RESULTS

We reviewed 174 AVF procedures. Of these, 150 procedures were endovascular embolizations, and nine were only direct surgeries. The remaining 14 procedures (13 patients; 10 male; and 3 female) met the inclusion criteria for the combined procedures and the median age was 61 (range 43–81 years). Of these, 10 AVFs were previously treated 1–5 times (median, 1.0). Preoperative mRS was 0 in two AVFs, 1 in six AVFs, 2 in five AVFs, and 3 in one AVF. Ten AVFs were located in the transverse-sigmoid sinus and four in the cortical vein. The Borden grade was II in two AVFs and III in 12 AVFs. Nine of the 14 craniotomy locations were temporo-occipital. The agents used for embolization were coil, EVOH, NBCA, or a combination of these. Immediate occlusion of the AVF was achieved in 13 AVFs, where a gradual occlusion, 4 months after the treatment, was observed in one AVF. [Table 1] summarizes the AVF characteristics, procedure outcomes, and occlusion results of the AVFs after the treatment.

Table 1:: AVF and procedure characteristics.

The mRS scores improved from a median preoperative mRS score of 1 to a median postoperative mRS of 0 (P = 0.006) [Figure 1]. Complications associated with the treatment were observed in two patients (two AVFs), one with postoperative transient visual disturbance, and the other with asymptomatic intraprocedural extravasation. The mean follow-up period per AVF was 74.4 months (8–146 months), and recurrence after the combined procedure was not observed.

Figure 1:: The Wilcoxon signed-ranks test of pre- and post-operative mRS. mRS: modified Rankin Scale.

ILLUSTRATIVE CASES

Case 1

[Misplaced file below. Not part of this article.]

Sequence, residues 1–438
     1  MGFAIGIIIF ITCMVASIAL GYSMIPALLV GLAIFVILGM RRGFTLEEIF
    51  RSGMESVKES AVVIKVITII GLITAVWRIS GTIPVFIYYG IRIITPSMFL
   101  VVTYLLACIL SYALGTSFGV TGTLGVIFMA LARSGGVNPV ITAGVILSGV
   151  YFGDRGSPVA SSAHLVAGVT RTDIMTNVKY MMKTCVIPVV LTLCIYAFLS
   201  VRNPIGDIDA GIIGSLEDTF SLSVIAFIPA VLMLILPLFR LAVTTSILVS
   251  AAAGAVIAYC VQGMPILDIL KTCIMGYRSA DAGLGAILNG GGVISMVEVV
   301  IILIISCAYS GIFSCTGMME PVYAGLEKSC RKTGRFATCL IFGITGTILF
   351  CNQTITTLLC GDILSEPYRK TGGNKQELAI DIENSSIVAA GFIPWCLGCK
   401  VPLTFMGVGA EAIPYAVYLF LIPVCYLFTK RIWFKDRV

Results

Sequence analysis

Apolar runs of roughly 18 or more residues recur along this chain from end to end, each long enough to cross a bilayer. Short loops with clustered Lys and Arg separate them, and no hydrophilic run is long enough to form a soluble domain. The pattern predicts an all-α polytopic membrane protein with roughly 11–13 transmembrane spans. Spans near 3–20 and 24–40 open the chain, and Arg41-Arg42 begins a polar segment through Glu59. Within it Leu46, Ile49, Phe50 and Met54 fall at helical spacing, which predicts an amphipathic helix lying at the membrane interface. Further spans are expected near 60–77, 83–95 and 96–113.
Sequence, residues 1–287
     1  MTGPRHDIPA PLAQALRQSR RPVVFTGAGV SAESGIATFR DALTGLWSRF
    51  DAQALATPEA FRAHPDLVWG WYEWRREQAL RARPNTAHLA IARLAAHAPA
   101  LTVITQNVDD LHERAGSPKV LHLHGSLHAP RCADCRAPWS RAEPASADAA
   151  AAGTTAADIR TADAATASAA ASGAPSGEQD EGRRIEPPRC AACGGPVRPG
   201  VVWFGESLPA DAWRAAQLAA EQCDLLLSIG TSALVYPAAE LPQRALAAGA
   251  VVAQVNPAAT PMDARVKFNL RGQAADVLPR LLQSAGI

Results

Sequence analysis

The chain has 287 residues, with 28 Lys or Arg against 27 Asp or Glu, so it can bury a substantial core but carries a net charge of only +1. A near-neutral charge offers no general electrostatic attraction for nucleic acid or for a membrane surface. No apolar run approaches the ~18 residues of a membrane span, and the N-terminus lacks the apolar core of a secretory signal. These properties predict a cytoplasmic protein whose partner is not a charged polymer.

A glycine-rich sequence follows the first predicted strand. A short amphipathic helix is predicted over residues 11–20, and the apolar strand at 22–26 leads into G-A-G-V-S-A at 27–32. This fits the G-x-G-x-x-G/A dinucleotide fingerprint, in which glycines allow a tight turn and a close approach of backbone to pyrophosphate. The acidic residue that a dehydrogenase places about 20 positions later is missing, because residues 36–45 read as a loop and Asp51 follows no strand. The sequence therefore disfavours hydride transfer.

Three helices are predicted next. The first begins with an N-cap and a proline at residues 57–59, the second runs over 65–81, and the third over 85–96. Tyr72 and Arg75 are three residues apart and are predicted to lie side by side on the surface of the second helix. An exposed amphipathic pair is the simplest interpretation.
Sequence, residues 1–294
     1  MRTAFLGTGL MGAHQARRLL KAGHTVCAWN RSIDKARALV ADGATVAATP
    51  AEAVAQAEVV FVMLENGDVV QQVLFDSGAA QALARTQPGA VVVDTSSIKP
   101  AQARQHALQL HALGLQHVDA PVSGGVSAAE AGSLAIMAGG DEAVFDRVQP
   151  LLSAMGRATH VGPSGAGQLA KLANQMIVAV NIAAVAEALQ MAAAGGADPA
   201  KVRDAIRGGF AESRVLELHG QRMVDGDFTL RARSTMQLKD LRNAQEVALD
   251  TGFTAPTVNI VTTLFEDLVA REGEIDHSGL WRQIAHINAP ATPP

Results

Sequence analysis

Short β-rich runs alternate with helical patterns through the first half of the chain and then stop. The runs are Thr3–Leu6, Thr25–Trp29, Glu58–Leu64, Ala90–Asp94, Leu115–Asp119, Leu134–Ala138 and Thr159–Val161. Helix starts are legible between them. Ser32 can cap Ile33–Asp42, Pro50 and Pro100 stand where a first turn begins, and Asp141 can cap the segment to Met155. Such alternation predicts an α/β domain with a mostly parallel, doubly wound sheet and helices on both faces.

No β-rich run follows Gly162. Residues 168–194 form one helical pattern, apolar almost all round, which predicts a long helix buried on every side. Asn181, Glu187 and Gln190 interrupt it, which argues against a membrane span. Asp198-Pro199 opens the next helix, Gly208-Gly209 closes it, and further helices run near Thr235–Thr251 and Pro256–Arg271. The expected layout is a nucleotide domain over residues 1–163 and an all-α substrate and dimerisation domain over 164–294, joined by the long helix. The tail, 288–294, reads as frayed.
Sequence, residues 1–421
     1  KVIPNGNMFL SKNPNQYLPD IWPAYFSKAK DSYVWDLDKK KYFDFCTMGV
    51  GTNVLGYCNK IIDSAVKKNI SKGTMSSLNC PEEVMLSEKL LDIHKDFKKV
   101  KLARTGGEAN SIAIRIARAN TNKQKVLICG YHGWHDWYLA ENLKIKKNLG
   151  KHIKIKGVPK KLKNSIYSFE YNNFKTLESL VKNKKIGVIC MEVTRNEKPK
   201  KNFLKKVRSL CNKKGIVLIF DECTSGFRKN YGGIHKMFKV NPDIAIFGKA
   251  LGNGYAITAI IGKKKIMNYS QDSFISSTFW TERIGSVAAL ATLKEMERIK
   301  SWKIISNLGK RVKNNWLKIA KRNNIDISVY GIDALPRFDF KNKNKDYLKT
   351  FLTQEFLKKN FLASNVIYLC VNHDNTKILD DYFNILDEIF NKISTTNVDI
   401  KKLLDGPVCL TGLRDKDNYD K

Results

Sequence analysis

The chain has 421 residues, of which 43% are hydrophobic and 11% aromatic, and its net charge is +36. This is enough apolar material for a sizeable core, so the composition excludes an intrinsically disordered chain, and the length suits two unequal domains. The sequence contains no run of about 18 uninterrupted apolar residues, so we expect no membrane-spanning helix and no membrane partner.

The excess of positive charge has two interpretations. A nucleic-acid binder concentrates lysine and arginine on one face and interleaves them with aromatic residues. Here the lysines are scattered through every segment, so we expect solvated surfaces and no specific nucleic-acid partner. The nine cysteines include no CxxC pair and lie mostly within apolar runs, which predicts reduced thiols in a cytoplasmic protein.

A patient with a left convexity dAVF was previously treated with endovascular embolization of the middle meningeal arteries and occipital arteries using EVOH and could not be occluded. During the procedure combining endovascular embolization and direct surgical approach, intraoperative DSA acquisitions were conducted using the robotic C-arm setup. The obtained images indicated that the residual AVF was fed by the middle cerebral artery and draining vein [Figure 2a and b]. After exposure of the AVF, ICG videoangiography was performed to visualize the AVF structure [Figure 2c and d]. A microvascular clip (MH series; Bearmedic, Tokyo, Japan) was applied to the main draining vein to occlude the drainage root to the superior sagittal sinus [Figure 3a], but intraoperative DSA revealed incomplete occlusion of the AVF due to the remaining drainage root to other cortical veins [Figure 3b]. Subsequently, a microcatheter (Marathon; Medtronic, Minneapolis, MN, USA) was introduced into the main drainage vein with careful venotomy during temporary occlusion of the vein using two microvascular clips. Following insertion, the tip of the microcatheter was advanced to the center of the AVF, and 0.52 ml EVOH was slowly injected using DSA images in order to avoid the outflow of the EVOH to normal cortical veins [Figure 3c and d]. Finally, complete occlusion of the AVF was confirmed by ICG videoangiography and intraoperative DSA [Figure 3e and f].